To be d(r)ead honest, I can’t remember exactly why I decided to knot my hair. I am just about a year into my journey and I have given countless reasons to inquisitive enquirers thus far. I find it difficult to satisfy my interrogators with a succinct sentence that summarises the thought process that lead up to the great dreading decision. Yeah, I didn’t want to brush my hair anymore and sure, I wanted to experience what it felt like but ultimately I would say it was because of curiosity.

I was curious as to why people would do it, why they would want to knot their hair. I was curious as to why each and every dreadhead that I had met, had a similar (and an oh-so attractive) vibe to them. I was curious as to how it is done, how it feels on your head, how it might look on my own crown.

My curiosity is now quenched. It is definitely a great perk to have such low maintenance hair. Another perk, one which I doubt will ever become mundane, is the feeling of flipping my hair to the side. I can feel the flight and crash of each individual dread and it is such fun I sometimes get lost in the experience. But on this journey I discovered so much more than what my curiosity had asked for.

Two weeks in I was on the verge of giving up, and it wasn’t the only time either. My head was a ball of fluff. I had sectioned my hair with elastic bands and combed and teased and rolled but the image I saw in the mirror was nothing close to the images that flashed before my eyes when I thought of the word ‘dreadlocks’. I was almost convinced this just wasn’t my thing. Almost.

Commitment. Lesson number one from the wonderlocks. I persevered through my hideousness, and subsequently the universe provided a solution for my not-quite-dreads. The straggly tufts of hair got woven into a proud mane. Alas, I had another bout of doubt if this really was the path for me, for my hair was so tightly woven I might as well have been bald. The locks coming off of my head seemed separate to the head it was attached to, like some sort of ghastly hat.

Patience. Lesson number two from the wonderlocks. For with time came progress which slowly lead to compliments, but I was humble in my acceptance thereof. There is one rough ride between where I began and how I appear to new acquaintances. With every awed “I wish I could do that too!” I was unsure if it was my place to inform them of the behind-the-scenes effort. What you are looking at when you look at me is neither the beginning nor the outcome, it is an isolated moment in my continual journey.

Upon transcending the internal dilemmas of my decision, I entered into a space of enjoyment. I developed a relationship with the furry tufts that edge themselves into my peripheral view. Despite constantly brushing a few stragglers out of my face every couple of minutes, I actually enjoy the incessant interaction. I was finally on good terms with the extensions of my body, but the next stage of my journey was awaiting. In the initial decision making I had failed to factor in other people and on what terms they may be with the extensions of my body.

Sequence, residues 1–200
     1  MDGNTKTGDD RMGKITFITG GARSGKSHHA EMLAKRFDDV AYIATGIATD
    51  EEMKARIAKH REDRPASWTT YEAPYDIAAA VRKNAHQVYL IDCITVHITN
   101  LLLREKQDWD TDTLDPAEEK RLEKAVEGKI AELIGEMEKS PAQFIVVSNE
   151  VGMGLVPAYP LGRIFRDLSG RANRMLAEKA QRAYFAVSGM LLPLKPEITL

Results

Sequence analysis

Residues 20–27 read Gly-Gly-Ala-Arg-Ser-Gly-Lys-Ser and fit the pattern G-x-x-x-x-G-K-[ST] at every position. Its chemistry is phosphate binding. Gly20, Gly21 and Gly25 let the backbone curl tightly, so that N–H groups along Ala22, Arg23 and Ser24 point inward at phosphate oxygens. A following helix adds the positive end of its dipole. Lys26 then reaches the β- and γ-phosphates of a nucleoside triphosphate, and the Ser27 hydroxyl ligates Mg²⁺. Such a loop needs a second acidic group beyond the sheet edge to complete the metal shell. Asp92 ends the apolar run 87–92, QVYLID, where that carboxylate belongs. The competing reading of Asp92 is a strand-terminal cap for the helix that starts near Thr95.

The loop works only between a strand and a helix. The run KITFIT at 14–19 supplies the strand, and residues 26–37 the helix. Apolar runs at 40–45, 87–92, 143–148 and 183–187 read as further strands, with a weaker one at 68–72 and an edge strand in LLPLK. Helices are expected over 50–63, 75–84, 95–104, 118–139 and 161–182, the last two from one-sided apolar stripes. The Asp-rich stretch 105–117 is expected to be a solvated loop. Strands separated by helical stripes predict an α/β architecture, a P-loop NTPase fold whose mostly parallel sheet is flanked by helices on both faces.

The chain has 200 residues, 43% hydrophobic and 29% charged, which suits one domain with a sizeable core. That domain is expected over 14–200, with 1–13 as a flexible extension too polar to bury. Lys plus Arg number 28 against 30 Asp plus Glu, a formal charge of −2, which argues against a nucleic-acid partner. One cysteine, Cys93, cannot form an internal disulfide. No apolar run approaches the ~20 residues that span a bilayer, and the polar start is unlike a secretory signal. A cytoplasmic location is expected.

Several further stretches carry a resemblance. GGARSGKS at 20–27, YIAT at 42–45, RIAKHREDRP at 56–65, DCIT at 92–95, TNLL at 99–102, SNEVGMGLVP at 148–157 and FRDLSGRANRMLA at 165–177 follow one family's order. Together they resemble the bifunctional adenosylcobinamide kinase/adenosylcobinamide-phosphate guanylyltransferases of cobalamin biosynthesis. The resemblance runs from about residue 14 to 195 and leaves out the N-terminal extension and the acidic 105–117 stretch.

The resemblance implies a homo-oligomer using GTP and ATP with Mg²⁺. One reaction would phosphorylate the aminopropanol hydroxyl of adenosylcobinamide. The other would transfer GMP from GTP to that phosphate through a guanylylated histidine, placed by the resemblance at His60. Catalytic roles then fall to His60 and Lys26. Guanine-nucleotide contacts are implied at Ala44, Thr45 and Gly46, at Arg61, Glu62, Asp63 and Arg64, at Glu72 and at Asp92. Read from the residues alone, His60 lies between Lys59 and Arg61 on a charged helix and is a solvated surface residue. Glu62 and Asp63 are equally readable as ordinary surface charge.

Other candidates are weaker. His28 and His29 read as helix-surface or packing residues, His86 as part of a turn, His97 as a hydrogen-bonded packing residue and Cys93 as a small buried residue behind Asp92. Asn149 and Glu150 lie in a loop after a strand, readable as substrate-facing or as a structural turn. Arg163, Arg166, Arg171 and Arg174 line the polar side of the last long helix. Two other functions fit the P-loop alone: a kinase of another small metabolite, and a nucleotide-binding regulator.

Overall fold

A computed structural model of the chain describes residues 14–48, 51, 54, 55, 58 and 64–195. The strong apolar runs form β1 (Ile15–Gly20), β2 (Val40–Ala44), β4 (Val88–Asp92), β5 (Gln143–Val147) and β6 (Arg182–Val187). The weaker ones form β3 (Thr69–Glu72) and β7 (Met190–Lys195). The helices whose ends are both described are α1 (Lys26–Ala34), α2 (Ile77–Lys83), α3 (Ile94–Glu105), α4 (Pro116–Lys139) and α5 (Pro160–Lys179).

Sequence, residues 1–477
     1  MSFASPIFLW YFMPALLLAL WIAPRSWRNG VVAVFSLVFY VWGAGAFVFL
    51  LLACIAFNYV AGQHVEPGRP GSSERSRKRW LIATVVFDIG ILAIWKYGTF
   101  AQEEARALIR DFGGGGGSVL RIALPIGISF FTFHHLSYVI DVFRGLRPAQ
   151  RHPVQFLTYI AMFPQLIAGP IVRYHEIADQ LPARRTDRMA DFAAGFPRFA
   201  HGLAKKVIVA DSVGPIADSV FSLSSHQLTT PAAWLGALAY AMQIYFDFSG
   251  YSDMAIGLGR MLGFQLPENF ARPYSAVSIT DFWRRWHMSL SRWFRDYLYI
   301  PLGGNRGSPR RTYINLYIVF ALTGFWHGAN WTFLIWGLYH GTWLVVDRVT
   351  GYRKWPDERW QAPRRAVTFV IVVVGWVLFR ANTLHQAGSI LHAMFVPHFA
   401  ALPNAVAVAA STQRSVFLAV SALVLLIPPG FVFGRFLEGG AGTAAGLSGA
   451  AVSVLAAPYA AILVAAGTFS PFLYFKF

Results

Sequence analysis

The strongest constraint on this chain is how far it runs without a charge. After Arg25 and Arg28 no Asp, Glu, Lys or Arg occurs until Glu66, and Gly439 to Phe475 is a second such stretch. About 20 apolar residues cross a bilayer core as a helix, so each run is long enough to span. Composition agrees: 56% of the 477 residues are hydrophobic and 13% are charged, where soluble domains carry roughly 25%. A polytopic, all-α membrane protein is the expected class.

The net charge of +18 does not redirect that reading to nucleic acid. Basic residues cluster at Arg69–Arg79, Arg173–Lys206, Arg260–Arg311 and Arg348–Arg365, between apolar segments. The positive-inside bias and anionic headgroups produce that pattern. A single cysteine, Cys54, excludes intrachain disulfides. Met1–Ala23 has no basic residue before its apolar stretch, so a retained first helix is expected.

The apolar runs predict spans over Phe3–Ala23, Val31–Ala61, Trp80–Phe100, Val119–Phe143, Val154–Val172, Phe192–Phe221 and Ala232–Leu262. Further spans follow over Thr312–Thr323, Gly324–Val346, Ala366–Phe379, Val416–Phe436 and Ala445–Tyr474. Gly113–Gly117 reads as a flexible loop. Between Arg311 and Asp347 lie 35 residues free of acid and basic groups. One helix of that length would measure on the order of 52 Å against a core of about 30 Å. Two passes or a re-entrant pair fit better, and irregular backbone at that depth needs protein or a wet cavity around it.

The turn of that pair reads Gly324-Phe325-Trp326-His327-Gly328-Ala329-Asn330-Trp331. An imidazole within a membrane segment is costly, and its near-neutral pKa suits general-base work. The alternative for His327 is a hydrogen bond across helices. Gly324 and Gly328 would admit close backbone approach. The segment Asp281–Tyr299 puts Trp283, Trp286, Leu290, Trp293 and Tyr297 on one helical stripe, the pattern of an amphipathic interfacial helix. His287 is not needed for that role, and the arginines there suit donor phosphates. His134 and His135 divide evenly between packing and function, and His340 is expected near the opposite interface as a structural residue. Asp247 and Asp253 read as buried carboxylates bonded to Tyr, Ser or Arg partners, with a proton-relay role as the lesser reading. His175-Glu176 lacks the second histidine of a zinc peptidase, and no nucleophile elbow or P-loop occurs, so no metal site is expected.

I could no longer blend into the background, if I walked into a building I could feel everyone in the room take note of my entrance. Sometimes it’s very obvious, as people unashamedly stare as I innocently go about my business.

There is that side of things, where I get treated like the dirty hippie that I portray, and there is also the other side. Where I am confronted with a chorus of “Rasta womb-man!” as I walk down the street handing out fist bumps left, right and centre.

Lesson number three from the wonderlocks – humility. Sometimes strangers regard me highly, but this is unfair because I have done nothing to warrant this respect and now I am left with the shoes to fill. Other times people simply disregard me. In both circumstances I have to remind myself that their reactions have nothing to do with me. I cannot take my hair off, I cannot pause this role-playing. All that they see is the image they project unto me.

The most unforeseen aspect of my journey was this role that I had unknowingly assumed. How people treat me is a result of their perception on dreadlocks, rather than on how I behave or who I am. Sometimes I wish they could see Anja instead of dreadlocks, although regarding my hairstyle as an expression of who I am as a person has been advantageous. It has functioned both as a filter and as an attraction. It has brought me to people, and brought people to me, that I deeply connect with, leading to wild, exhilarating turns in my life. Conversely, it keeps people who are not open to my way of life at bay.

Lesson number four so graciously delivered by the locks of wonder – awareness. While my hair is a hurdle in each and every social interaction I engage in, there will be a gap between appearance and understanding in every meeting anyway. You will be categorised no matter how you look or what you wear, I just made it easier for everyone. The dreaded journey has magnified my awareness of this image versus reality life we live in. With this increased awareness I can choose to play the pretentious games of folk, or slip through the unnoticed doorway into unrestricted territory. Last lesson of the mighty mane (thus far) – freedom. Time for the next leg of my journey.

Published by Anja Cronje